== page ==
Corn prices dropped to a five-month low, and wheat futures
fell back to earth after gains fostered by a hefty Egyptian order, after Informa
Economics hiked its estimate of US corn sowings next year to a 76-year high.
Informa analysts pegged US corn seedings for the 2013
harvest at 99.026m acres, meaning an extra 2.1m acres above plantings this
The upgrade surprised analysts, who had expected the group to
keep its forecast for 2013 plantings steady at 97.7m acres.
And, if fulfilled, the extra area could imply a massive
uplift in US crop production next year.
Factoring in the yield of 160 bushels per acre that many
investors have pencilled in as a trend yield, and assuming a typical
abandonment rate, implies a harvest of more than 14.5bn bushels, up by more
than one-third from this year's drought-hit result.
The impact in Chicago was to send corn for March tumbling
2.6% to $7.01 ½ a bushel, the lowest for a spot contract in more than five
Technical selling fuelled the decline after the lot, in an
echo of wheat futures earlier this month, fell below a trading range which it
had trod since July, dropping through support levels and sparking fund selling.
Corn dragged wheat lower too, although Chicago's March contract
managed - narrowly – to avoid setting its own five-month low, with the decline bottoming
out at $8.02 a bushel.
Wheat gained support
from sales by the US of 290,000 tonnes of the grain to Egypt, fuelling ideas
over the competitiveness of the grain, and lifting hopes for further export
Indeed, the orders had earlier sent March wheat higher, by 1.4%
to $8.22 ¾ a bushel in Chicago and 1.5% to $8.73 ¼ a bushel in Kansas.
Result of Gasc tender
US origin: 60,000 tonnes, at $334.60 per tonne plus freight of $24.70 per tonne from Bunge
US origin: 60,000 tonnes, at $334.60 per tonne plus freight of $24.70 per tonne from Cargill
US origin: 60,000 tonnes, at $334.60 per tonne plus freight of $24.70 per tonne from Toepfer
Orders for February 11-20 delivery
Egypt's state grain authority, Gasc, bought 180,000 tonnes of
US soft red winter wheat, the type traded in Chicago, at a tender which highlighted
the lower price of the grain compared with European supplies.Even factoring in an extra $10 a tonne or so of costs for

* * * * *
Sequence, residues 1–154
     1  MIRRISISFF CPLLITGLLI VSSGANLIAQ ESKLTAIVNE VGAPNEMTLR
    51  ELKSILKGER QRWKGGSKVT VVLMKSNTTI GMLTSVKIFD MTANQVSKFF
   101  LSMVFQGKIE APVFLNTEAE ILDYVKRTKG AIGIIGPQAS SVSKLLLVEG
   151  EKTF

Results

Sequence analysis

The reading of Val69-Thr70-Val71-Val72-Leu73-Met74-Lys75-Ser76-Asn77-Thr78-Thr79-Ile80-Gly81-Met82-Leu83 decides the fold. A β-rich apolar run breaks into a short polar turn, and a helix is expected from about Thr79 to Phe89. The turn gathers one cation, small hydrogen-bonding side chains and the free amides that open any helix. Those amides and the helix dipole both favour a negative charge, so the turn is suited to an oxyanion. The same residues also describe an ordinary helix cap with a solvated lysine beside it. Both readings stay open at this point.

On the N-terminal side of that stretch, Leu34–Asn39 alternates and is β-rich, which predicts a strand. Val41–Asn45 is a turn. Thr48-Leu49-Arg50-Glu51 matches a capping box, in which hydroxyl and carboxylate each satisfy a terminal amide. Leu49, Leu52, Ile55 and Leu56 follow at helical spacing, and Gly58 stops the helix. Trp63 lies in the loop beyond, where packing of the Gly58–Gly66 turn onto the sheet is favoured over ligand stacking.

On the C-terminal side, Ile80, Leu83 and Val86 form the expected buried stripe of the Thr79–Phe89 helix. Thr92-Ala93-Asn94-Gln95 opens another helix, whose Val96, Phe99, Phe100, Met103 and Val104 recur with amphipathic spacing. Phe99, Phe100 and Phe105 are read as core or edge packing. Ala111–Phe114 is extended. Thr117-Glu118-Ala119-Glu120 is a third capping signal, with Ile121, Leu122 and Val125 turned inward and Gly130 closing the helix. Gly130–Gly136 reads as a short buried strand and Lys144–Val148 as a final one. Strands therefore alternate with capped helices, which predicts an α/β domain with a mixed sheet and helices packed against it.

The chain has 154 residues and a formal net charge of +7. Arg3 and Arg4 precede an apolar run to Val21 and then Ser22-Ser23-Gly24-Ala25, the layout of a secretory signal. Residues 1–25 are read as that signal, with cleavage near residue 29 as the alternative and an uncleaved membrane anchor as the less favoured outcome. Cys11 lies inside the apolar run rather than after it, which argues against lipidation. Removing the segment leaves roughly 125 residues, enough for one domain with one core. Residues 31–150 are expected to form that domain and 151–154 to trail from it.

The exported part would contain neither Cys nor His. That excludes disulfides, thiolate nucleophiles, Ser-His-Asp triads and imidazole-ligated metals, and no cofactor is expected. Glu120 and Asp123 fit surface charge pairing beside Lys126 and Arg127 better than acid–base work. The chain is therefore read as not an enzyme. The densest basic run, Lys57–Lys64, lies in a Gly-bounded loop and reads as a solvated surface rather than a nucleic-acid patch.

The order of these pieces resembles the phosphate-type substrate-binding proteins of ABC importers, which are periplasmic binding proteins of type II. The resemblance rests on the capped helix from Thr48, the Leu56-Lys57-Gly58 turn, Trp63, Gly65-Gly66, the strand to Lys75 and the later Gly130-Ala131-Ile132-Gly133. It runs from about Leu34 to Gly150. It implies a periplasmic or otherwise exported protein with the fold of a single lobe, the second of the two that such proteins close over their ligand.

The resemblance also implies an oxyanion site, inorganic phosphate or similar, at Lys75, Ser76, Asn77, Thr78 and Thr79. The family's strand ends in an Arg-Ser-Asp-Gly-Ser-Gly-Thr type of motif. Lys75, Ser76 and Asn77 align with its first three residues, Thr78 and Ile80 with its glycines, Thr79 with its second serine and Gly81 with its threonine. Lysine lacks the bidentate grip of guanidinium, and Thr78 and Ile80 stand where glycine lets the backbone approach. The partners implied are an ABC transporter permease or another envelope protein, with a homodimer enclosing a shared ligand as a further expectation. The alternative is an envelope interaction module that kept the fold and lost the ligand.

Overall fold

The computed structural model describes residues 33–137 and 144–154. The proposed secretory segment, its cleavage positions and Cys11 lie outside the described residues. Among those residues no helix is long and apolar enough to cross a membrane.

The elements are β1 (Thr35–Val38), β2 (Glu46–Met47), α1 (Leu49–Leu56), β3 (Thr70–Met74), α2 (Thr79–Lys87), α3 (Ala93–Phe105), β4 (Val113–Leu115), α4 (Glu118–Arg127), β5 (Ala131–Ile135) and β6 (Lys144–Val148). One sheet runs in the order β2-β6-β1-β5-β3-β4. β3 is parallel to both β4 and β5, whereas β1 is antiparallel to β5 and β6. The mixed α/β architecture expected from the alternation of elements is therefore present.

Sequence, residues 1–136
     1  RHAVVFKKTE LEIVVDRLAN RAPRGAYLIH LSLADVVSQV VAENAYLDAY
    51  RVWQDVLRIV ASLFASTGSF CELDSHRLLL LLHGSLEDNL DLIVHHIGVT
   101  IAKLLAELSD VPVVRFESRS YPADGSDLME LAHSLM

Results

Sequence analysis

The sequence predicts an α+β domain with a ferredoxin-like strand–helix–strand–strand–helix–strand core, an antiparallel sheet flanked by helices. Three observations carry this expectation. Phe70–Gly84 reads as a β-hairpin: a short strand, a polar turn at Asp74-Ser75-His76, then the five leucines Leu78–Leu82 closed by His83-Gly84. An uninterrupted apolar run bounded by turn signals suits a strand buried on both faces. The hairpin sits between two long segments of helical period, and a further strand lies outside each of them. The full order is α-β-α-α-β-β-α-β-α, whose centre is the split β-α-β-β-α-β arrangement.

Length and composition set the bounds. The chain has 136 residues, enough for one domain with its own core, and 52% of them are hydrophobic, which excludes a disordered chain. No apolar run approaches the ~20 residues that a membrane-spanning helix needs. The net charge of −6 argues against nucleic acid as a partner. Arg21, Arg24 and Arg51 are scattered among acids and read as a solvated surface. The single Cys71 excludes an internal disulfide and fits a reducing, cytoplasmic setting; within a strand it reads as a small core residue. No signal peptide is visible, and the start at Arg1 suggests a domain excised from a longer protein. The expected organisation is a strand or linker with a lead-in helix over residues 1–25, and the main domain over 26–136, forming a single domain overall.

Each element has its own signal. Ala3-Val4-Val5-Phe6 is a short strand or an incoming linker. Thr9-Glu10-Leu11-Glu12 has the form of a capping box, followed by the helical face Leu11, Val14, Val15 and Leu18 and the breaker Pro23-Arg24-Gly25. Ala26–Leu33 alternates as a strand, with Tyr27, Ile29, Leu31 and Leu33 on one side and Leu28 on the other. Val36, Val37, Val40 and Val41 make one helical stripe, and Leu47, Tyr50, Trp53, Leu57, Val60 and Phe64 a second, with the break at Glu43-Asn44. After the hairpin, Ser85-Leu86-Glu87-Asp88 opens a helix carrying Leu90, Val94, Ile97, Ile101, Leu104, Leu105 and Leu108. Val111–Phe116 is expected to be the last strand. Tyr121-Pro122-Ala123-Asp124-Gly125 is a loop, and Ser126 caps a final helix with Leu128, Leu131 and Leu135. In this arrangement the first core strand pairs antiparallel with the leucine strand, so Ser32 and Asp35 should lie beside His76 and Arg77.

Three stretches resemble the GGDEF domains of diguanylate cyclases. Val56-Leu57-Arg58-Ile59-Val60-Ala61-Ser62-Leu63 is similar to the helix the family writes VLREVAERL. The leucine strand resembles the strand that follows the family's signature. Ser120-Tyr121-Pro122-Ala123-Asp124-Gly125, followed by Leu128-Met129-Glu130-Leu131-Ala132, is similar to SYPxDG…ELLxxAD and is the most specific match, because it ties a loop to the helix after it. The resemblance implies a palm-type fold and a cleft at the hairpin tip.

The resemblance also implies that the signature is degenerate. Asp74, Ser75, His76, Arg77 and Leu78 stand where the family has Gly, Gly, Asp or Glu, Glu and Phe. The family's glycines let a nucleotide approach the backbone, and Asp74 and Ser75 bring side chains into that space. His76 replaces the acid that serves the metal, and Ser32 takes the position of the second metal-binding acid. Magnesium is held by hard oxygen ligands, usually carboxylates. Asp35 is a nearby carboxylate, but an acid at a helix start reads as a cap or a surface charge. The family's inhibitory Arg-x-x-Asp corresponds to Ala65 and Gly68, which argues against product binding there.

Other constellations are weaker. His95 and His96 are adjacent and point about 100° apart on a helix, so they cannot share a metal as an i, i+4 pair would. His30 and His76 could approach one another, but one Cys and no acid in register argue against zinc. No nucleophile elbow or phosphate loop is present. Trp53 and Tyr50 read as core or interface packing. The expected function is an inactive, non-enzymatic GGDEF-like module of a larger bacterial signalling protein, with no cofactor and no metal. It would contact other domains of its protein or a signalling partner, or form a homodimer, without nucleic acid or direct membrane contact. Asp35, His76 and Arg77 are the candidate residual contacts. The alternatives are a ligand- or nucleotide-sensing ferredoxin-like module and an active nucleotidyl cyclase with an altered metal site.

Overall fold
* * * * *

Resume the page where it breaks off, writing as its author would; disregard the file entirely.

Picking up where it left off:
shipping across the Atlantic, the US offers undercut the cheapest French wheat
by $2.50 a tonne.
No offers from other countries were made, despite invitations
by Gasc for prices on wheat from the major Black Sea exporters and origins
including Canada, Australia and Argentina.
Lack of competition
Separately, the US Department of Agriculture revealed the
sale of 110,000 tonnes of hard red winter wheat, as traded in Chicago, to
Egypt, the top wheat importing country.
The trades lifted ideas that the US - after a disappointing
start to 2012-13 for shipments, prompting a USDA downgrade last week to its forecast for domestic exports – may indeed see a substantial revival in its
fortunes during the latter months of the marketing year.
"What is interesting is not so much that the US wheat won
the Gasc tender, which had been pretty much expected, but that there was so
little other wheat offered," a UK grain trader told Agrimoney.com.
In the last tender, two weeks ago, Romanian and Argentine
wheat was also offered, and there was some expectation of Australian grain
being offered this time.
However, hopes for Argentine exports have declined with
rains which have disrupted harvest and cut the quality of what is making it
into the barn.
"Trade is increasingly sceptical regarding the USDA's
Argentine wheat export forecast of 5.5m tonnes," Richard Feltes at RJ O'Brien.
Indeed, there was market talk on Wednesday that Brazil, which
typically imports milling wheat from Argentina, was on the prowl for supplies from
Canada or the US, having bought from Germany last month.